Because asbestos is a naturally occurring mineral that resists heat and electricity, it would seem to be an excellent substance for use in buildings. The Agency for Toxic Substances & Disease Registry notes that while this was initially thought to be true, scientists discovered that exposure to the fibers can be fatal.
Even though asbestos is no longer used, it is still present in many of the structures where it was originally installed. The Occupational Safety and Health Administration has developed standards that indicate the safe levels of the substance and how exposure can be controlled for the general public, as well as for construction workers. However, the risk of dangerous exposure levels for those in construction trades is still abnormally high.
OSHA explains that there are certain construction-related activities that may lead to the release of the fibers into the air. These include asbestos removal and clean-up, as well as repairing, maintaining and demolishing buildings containing asbestos. OSHA standards regulate many aspects of asbestos exposure and require strict adherence by employers, including the following responsibilities:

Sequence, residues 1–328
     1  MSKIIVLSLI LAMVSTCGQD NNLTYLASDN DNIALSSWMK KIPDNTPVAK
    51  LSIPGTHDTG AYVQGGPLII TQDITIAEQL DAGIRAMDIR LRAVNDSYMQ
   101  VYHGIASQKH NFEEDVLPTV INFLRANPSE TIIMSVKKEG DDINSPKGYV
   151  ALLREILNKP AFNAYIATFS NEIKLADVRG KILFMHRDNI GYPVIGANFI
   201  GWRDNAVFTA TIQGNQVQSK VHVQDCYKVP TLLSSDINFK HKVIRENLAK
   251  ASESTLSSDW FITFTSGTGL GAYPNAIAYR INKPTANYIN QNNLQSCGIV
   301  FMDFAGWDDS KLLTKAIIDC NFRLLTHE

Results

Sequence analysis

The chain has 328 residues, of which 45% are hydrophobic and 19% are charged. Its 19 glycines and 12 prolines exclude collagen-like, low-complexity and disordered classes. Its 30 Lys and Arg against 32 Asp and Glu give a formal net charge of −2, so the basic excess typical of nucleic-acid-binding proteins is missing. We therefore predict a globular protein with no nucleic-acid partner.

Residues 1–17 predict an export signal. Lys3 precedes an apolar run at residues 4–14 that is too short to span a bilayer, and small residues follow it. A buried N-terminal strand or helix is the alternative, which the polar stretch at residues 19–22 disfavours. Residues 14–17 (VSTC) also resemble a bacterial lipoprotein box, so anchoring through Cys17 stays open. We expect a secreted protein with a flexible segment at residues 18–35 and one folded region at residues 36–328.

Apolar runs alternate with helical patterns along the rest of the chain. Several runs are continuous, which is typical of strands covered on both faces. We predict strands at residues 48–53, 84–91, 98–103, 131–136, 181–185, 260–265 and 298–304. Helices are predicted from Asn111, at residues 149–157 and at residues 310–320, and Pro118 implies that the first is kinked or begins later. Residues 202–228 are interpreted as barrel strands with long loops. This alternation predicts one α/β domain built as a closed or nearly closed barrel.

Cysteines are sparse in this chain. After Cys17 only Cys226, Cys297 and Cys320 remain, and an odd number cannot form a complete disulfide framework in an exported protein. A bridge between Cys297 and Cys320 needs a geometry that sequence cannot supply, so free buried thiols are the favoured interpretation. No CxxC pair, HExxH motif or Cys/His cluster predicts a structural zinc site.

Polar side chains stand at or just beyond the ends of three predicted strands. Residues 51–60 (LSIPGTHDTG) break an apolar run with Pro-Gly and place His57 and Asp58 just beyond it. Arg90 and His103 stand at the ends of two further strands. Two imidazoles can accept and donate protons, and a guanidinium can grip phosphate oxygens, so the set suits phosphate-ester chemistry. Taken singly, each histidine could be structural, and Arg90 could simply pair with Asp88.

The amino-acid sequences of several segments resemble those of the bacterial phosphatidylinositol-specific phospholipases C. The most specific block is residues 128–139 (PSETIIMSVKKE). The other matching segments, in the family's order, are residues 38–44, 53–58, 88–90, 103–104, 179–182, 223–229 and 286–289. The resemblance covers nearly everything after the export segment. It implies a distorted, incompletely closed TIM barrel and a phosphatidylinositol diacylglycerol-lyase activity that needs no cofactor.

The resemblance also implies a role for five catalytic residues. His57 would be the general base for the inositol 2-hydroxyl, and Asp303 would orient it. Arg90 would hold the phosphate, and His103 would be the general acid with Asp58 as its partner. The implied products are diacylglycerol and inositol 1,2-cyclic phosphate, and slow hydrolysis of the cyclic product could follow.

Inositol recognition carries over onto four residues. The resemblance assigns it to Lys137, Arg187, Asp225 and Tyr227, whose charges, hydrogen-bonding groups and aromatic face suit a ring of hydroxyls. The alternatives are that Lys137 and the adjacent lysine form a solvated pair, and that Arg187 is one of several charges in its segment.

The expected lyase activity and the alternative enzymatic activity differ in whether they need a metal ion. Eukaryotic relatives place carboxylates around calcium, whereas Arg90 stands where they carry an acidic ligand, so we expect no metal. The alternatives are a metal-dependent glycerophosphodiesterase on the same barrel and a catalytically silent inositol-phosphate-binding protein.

- Train workers
- Conduct exposure assessments and identify risks
- Post warnings in hazardous areas
- Provide medical surveillance
- Maintain records regarding worker exposure and medical surveillance
Many of these tasks must be undertaken by someone who specializes in fulfilling the OSHA requirements for asbestos.
Health conditions caused by asbestos exposure typically damage the respiratory system or the digestive system. For example, asbestosis is a lung disease that causes extreme shortness of breath, and raises a person’s risk of cancers. Symptoms from exposure may not develop until more than 20 years later.